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The Way of the Gun
Review by Harvey Karten
No Rating Supplied
Seems that every time a critic or a regular guy talks about
this movie, the first words out of his mouth are "violent, man."
Maybe I'm inoculated against shock from blood, whether it be
spilling from a woman having a difficult birth (as does Juliette
Lewis in "The Way of the Gun") or from landing like a prep-
school high-jumper into a sandbox that has been laced with
broken glass (as does Ryan Phillippe in the same feature) .
What will separate those who go for Christopher McQuarrie's
new film from those who stay the distance but are not wildly
enthusiastic rests on one's craving for densely-plotted, cynical
noir drama with twists and turns, in this case featuring a
narrative so copious that two movies' worth of motifs are
implanted--and not effortlessly. Mixing an oddly sentimental
theme revolving around the feelings of several people for a
nine-months' old fetus about to emerge, with an examination
of the depths of ruthlessness to which some folks will go,
"The Way of the Gun" is too weighed down by its strains to
command unfettered attention. I can think only of the
comment in Peter Schaeffer's play "Amadeus" by a nobleman
who criticized Mozart by declaring his symphonies and
concerti beset with "too many notes."
Still "The Way of the Gun" is nothing of the brain-teaser of
Christopher McQuarrie's previous screenplay, "The Usual
Suspects," in which five criminals are put into a police lineup
for a crime they did not commit--a film that critic Leonard
Maltin called "too clever for its own good." This--and not
excessive violence--is the reproach one could correctly apply
to "The Way of the Gun."
In the role of Parker and Longbaugh, Ryan Phillippe and
Benicio Del Toro are a couple of scuzzy characters who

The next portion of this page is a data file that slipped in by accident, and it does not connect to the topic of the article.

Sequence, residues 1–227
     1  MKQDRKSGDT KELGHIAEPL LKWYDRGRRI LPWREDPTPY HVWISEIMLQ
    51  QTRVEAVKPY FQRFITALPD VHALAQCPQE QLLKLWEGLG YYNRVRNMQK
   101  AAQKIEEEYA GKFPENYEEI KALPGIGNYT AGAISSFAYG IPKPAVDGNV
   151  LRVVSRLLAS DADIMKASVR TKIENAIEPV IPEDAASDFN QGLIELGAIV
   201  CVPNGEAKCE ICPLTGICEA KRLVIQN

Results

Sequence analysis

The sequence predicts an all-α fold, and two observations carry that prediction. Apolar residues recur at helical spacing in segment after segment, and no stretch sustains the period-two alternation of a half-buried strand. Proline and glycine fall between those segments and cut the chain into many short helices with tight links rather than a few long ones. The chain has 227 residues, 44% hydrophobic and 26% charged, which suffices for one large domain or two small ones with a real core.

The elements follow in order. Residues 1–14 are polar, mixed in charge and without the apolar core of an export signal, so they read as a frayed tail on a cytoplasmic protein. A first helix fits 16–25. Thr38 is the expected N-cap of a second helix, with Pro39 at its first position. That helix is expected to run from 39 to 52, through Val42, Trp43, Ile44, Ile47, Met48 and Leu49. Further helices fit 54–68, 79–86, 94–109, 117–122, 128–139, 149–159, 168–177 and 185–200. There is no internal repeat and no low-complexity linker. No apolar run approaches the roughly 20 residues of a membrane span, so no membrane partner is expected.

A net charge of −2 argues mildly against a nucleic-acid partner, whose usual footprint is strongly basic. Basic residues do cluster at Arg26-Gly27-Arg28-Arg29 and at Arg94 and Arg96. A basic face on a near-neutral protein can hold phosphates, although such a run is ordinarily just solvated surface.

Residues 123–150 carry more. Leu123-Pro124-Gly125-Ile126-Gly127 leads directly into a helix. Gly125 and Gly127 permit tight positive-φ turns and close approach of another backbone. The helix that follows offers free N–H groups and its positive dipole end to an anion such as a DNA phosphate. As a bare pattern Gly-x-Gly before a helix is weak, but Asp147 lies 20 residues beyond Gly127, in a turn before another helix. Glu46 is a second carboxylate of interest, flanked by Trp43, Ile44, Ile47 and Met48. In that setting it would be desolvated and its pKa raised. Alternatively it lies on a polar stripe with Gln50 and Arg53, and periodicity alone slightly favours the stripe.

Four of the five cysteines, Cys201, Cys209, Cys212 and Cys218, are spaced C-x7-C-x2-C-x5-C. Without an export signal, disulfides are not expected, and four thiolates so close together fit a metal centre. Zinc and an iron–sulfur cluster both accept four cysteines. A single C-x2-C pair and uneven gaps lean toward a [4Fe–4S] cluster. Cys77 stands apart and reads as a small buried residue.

simply refuse to look forward to a life of minimum-wage jobs.
They cannot even land a few bucks for donating their sperm
because they cannot resist wiseacre comments to the
interviewer. They plan the big one even while sensing that
their design has only a meager chance of succeeding. These
are criminals who tempt the fates and have no fear of a
violent death. They abduct Robin (Juliette Lewis), who is
now nine months' pregnant--the surrogate mother of the
wealthy Hale Chidduck(Scott Wilson)-- who shares a criminal
outlook with the interlopers. Chidduck is hooked up with a
mob, which includes his bag man, Joe Sarno (James Caan)
and protects his family with two highly trained bodyguards
(Taye Diggs and Nicky Katt) whose attire must come straight
out of GQ.
Aside from the always competent acting of James Caan as
a mysterious fellow whose loyalties seem always in question,
the principal draw of the movie is McQuarrie's screenplay--
which features such aphorisms as "There's always free
cheese in a mousetrap" and gives the cryptic Caan some key
words to intone throughout such as "adjudicate." At one
point, he tells the kidnappers--who from the moment they
confront Joe Sarno know they're in over their heads--"I can
promise you a day of reckoning that you will not live long
enough to never forget."
Caan's proficiency as a noir actor cannot be matched by
any of the others in the cast--who could be called his prey--
though Juliette Lewis comes away with an alternately tough
and vulnerable role of a woman proceeding with a most
difficult childbirth with only the most primitive operating
conditions at her behest. More bullets, fewer words, and a
shorter story could have made for a more entertaining night
at the movies.
Copyright © 2000 Harvey Karten
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